An example of this shifting doctrine of human rights is present in the Network's Legal Opinion, which raises concerns about the role of conscientious objection clauses in concordats. (The Opinion is solely responding to conscientious objection clauses in concordats with the Holy See, specifically a draft concordat between Slovakia and the Holy See). The Opinion asserts that clauses which grant a subjective right to medical practitioners to abstain from medical procedures (such as abortion) would: (1) deny women lawful access to abortions, and (2) discriminate between medical practitioners according to their religious faith, or lack thereof. Cornides explains the genesis of the Network’s Opinion and responds to its concerns, which he considers to be pre-emptive and replete with numerous contradictions. He also exposes the Network's manipulation of basic terms, its omission of important facts, its inadequacies in research and misdiagnosis of the issue. Cornides reveals the Network’s Opinion to be anything but a reliable exposition of the truth of the matter. While recognising that this Opinion has no legal force, Cornides argues that documents such as this have significant political influence on the international stage.

The case of Tysiac v Poland (Application 5410/03), hailed by pro-abortion activists as a breakthrough, is a somewhat different example of an attempt to force the recognition of a right to abortion. It is an attempt, Cornides says, “… not openly, but through the back door.” The decision of the ECHR is serious, because unlike the Network of Experts, it is harder to ignore.

In this case, the plaintiff sought an abortion fearing that the strain of her pregnancy would further deteriorate her already severely impaired eyesight. Despite these risks, the plaintiff was denied access to the procedure by several doctors because there were other ways to avoid the risk – such as delivery by caesarean section. However, when Tysiac's child was born and her eyesight rapidly deteriorated some six weeks later, she took action against her medical practitioners. The Polish courts decided that the doctors involved had no case to answer, but unsatisfied, Tysiac went to the ECHR. In the end, the ECHR effectively disciplined Poland for failing to ensure access to legal abortion services. The fact that the abortion was not lawful under Polish law was disregarded. As was the fact that “eight specialists had unanimously declared that they had not found any threat or any link between the pregnancy and delivery and the deterioration of the applicant’s eyesight” (Dissenting opinion of Judge Borrego Borrego, para 10). Cornides explores a whole range of issues with regard to this case, including the attempt by an international court to trump domestic law. He also shows how, through failing to apply the law to the facts in question, the courts of law which once brought the sword of justice on the heads of those who demeaned the dignity of the human person are now bringing it to fall on the heads of those who uphold human dignity and seek to protect human life.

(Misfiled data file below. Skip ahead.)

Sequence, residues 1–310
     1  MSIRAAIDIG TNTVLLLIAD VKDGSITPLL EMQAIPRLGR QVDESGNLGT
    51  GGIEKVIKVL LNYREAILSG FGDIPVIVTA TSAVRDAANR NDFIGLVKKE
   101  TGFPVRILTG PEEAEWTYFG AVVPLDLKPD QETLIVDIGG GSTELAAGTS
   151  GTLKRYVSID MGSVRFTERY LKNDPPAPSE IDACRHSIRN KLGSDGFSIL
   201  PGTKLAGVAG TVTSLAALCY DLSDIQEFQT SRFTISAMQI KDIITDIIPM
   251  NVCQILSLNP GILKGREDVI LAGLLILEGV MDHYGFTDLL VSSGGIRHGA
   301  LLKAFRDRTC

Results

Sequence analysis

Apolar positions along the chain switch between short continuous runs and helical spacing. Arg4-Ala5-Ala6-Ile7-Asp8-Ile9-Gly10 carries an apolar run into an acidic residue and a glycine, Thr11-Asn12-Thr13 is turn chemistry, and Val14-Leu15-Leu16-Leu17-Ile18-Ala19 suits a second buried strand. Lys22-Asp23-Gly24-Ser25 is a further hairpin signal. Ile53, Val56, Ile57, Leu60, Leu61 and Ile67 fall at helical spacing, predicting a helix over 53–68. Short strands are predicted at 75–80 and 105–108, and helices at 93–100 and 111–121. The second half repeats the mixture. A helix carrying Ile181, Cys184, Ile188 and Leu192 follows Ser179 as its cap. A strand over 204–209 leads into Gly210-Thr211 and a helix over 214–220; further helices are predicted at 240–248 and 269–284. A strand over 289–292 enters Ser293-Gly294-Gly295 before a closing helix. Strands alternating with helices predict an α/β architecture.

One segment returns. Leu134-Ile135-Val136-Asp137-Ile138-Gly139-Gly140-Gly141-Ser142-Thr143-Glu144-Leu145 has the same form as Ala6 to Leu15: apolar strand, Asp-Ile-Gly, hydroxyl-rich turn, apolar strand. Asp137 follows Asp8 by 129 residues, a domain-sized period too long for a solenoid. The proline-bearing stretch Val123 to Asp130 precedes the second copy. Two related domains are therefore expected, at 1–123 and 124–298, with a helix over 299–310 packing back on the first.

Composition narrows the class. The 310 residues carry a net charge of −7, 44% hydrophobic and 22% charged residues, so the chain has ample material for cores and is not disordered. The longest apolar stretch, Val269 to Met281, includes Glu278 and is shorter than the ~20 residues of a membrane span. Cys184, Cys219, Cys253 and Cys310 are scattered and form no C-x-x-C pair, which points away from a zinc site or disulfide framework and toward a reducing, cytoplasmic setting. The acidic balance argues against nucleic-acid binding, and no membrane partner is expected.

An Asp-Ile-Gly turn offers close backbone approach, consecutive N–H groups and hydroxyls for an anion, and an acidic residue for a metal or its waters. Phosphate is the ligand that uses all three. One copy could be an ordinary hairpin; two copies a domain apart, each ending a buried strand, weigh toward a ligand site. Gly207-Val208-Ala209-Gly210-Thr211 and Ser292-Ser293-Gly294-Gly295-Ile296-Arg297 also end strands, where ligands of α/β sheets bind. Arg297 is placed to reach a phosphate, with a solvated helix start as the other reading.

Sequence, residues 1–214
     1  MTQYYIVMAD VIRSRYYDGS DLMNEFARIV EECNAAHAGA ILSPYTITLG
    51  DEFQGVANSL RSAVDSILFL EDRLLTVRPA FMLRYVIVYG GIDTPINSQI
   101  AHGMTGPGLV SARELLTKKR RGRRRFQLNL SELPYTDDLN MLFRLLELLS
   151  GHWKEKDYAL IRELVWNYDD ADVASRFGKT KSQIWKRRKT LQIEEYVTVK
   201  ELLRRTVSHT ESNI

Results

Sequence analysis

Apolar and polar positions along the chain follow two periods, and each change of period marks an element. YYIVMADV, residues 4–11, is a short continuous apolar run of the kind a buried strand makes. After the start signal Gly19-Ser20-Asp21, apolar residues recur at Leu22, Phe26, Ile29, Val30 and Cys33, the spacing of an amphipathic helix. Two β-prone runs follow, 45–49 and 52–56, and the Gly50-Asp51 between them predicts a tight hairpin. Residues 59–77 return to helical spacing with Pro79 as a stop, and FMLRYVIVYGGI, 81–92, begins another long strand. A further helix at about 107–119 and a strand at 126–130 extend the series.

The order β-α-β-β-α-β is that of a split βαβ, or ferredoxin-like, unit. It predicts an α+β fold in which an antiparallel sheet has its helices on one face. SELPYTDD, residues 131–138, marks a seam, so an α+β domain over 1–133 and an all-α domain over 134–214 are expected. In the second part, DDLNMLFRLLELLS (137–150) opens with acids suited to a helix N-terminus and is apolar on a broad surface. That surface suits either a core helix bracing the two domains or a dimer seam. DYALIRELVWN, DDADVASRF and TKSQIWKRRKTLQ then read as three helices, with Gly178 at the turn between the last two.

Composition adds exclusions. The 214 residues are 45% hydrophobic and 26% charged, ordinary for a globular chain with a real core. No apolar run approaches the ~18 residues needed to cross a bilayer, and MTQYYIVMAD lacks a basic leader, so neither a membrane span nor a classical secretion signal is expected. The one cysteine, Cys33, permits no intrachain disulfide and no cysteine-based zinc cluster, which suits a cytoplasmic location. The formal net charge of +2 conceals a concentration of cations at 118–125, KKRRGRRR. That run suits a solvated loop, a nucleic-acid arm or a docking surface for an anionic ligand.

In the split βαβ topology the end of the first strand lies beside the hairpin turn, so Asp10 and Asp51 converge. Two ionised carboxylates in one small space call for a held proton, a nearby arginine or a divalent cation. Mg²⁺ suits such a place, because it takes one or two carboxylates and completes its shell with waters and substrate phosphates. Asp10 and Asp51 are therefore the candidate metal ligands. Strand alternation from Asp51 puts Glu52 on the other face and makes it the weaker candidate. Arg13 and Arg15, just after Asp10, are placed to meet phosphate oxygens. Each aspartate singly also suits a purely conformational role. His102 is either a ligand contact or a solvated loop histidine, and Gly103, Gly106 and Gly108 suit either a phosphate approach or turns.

Cornides shows how this recent attack on human rights has been launched by highly influential international bodies, who assume authority that they do not have. He does so in a context where abortion is still considered a crime in most countries and is fundamentally contrary to the doctrines of major world religions. Pulling no punches, Cornides is scathing: “Today’s innovators … use obscure and dishonest strategies to attain their objective. They have a habit of using manipulative and misleading language, obfuscating and denying reality, inventing and distorting statistics, putting subjective sentiments in the place of objective facts. Their talking and writing is not characterized by transparency, but by falsehood, mimicry and waffle …”

While the new language of rights may seem persuasive, in reality it is nothing but a wolf in sheep's clothing. In the words of Pope John Paul II, Cornides warns us to beware the “new ideology of evil, perhaps more insidious and hidden than its predecessors which attempts to pit even human rights against the family and against man.”

Tuesday, 16 September 2008

Taking the pro-life battle around the country

Rt Rev Ambrose Griffiths OSB, former Catholic Bishop of Hexham and Newcastle, attended a meeting at which I spoke in Lancashire on Monday evening. He was joined by several other clergy, both Catholic and Anglican, in an enthusiastic audience of 65 people.

Last night was the second in a series of public meetings about how we must strengthen the pro-life battle in Britain and Northern Ireland. We were at the Fox Lane Sports Club, Leyland, and the event was masterfully organised by Mr David Newton who lives in the town. We hope to found an SPUC branch there.